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What Are the Penalties in Maryland for Possession of An Unregulated Firearm?

On Behalf of | Aug 14, 2017 | crimes |

Maryland’s gun laws are strict. They are among the toughest laws in the nation.

Maryland regulates the sale, transfer, rent, and possession of regulated firearms. All private transfers of regulated firearms must be processed through a licensed dealer or designated law enforcement agency which must conduct a background check on the buyer.

As governor, Martin O’Malley signed legislation in 2013 that banned the sale of most semiautomatic rifles and ammunition magazines holding more than 10 bullets; required new gun buyers to provide digital fingerprints to the Maryland State Police; limited firearm purchases by the mentally ill and required individuals interested in buying a firearm other than a hunting rifle or shotgun to obtain a license.

Handguns and automatic weapons must be registered with the state police.

The Maryland State Police also maintain a registry of regulated firearms that are allowed to be sold within the state. A regulated firearm, under Maryland law, means a handgun or a firearm that is any one of the specified assault weapons or their copies, regardless of which company produced and manufactured that assault weapon.

But, not all firearms are regulated. Maryland does not regulate the sale of rifles or shotguns and no permit is required to purchase a rifle or shotgun that is not an assault weapon.

It’s no wonder that the Free State laws take a dim view of the possession of unregulated firearms. This means that Maryland is one of the toughest states in the U.S. in terms of the restrictions and punishments imposed for gun crime offenses.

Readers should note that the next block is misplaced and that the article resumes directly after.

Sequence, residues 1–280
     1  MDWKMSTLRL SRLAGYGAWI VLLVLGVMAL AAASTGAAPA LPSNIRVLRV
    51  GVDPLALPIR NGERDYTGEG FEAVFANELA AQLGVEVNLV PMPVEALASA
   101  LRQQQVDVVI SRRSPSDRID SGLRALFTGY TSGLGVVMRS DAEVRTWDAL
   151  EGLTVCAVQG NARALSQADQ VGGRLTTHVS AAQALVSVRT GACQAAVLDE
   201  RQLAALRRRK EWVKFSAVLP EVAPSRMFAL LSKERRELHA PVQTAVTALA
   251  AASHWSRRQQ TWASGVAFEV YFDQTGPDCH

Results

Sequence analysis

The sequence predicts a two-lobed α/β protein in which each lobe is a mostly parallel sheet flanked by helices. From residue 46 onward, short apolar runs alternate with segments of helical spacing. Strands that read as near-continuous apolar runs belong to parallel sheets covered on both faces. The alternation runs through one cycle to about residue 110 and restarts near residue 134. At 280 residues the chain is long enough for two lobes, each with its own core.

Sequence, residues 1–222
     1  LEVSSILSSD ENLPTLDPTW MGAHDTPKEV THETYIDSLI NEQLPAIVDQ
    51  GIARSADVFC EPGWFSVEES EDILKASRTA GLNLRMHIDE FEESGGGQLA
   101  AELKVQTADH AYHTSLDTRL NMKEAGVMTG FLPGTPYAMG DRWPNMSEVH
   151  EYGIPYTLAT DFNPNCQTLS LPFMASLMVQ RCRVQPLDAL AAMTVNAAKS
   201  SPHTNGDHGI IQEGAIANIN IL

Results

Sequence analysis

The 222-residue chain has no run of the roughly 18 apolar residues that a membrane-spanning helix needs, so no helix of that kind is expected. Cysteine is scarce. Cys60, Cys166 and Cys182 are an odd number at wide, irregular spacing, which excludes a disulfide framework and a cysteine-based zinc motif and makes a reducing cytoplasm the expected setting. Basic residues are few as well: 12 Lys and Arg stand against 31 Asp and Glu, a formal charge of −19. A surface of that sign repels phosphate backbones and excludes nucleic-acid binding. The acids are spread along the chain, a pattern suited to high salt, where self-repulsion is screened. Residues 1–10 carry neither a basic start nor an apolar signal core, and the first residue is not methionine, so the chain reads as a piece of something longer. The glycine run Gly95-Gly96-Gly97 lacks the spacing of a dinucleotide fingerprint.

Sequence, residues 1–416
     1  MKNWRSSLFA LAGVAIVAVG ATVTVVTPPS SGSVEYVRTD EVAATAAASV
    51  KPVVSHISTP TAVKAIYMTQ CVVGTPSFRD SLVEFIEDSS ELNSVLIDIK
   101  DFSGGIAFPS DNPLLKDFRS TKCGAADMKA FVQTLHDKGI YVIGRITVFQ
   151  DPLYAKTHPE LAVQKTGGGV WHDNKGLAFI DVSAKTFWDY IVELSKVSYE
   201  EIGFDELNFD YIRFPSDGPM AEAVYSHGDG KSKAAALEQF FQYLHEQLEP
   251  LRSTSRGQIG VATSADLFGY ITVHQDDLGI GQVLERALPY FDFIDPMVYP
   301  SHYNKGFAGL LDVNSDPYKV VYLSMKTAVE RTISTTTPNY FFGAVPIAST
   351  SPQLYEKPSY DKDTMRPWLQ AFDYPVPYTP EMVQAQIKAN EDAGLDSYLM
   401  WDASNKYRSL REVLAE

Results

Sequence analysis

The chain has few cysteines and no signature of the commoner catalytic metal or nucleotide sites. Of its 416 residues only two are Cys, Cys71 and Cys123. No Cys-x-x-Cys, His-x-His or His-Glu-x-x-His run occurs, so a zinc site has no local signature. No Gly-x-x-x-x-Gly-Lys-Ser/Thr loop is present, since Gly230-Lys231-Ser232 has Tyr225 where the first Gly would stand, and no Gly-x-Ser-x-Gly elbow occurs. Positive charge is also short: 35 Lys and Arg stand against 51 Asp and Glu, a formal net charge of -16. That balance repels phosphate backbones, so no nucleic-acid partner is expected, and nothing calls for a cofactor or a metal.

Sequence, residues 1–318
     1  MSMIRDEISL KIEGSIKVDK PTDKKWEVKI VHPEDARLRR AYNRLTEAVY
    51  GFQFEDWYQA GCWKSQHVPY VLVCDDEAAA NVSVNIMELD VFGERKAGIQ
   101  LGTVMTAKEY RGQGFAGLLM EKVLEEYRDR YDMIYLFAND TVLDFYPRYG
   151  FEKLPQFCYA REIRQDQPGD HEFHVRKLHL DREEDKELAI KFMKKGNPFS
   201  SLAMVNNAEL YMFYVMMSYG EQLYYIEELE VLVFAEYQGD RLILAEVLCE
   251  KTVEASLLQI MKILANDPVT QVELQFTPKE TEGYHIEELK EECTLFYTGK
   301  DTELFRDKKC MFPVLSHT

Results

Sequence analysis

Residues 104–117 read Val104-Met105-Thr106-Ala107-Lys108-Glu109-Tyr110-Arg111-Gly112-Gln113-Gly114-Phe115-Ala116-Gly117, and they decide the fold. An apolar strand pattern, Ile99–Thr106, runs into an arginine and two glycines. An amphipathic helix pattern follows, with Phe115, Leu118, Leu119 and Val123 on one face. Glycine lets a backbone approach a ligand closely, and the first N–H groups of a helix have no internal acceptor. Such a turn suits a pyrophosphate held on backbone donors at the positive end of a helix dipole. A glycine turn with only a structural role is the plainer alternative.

Most of those charged with gun crime possession in Maryland are arrested with an unlawfully purchased gun or a firearm that is unregistered.

Guns purchased from an unregistered source are often cheaper and easier to find. A study by the federal Bureau of Justice Statistics found that almost 80 percent of the people serving time in jail for gun possession offenses obtained their firearm from either family members, friends or illegally through “street” sources. Only 12 percent of the guns confiscated in gun possession cases were purchased in stores or pawn shops.

According to Maryland law on possession of an unregistered firearm, possessing any destructive device, including a machine gun, sawed-off shotgun, sawed-off rifle or silencer can result in 10 years in prison without parole.

Federal law also calls for penalties for unregistered firearms. Section 36 of the National Firearms Act states that “a person must not sell, purchase, possess or use a firearm that is not registered.” The maximum penalty for an unregistered firearms charge is 10 years imprisonment if the firearm is a prohibited firearm or pistol or five years imprisonment in any other case.

A first offender in Maryland convicted of carrying a handgun is guilty of a misdemeanor and faces a maximum potential jail term of three years. Using a firearm in connection with another crime carries a mandatory minimum term of five years incarceration and a maximum term of 20 years of jail time.

One strategy in fighting gun crime charges in Maryland is to get the charges placed on the “Stet Docket.” This docket is a way to get charges thrown out of court. The Stet Docket means that the case will become and remain inactive or that the offender must complete agreed-upon conditions and if successfully completed, the charges will be automatically dismissed.

An experienced criminal defense attorney can explain your options if you are charged with a gun crime over possession of an unregistered/unregulated firearm. The Law Office of Thomas J. Maronick handles criminal law cases and proudly serves our clients throughout the courts of Baltimore, Talbot, Worcester, Montgomery, and Harford Counties, with many of our clients coming from Towson, Easton, Snow Hill and other communities in Central Maryland and the Eastern Shore. If you need to speak to an attorney who is well-versed in criminal law matters, contact Thomas Maronick at 410-881-4022 or via the website for a free consultation.



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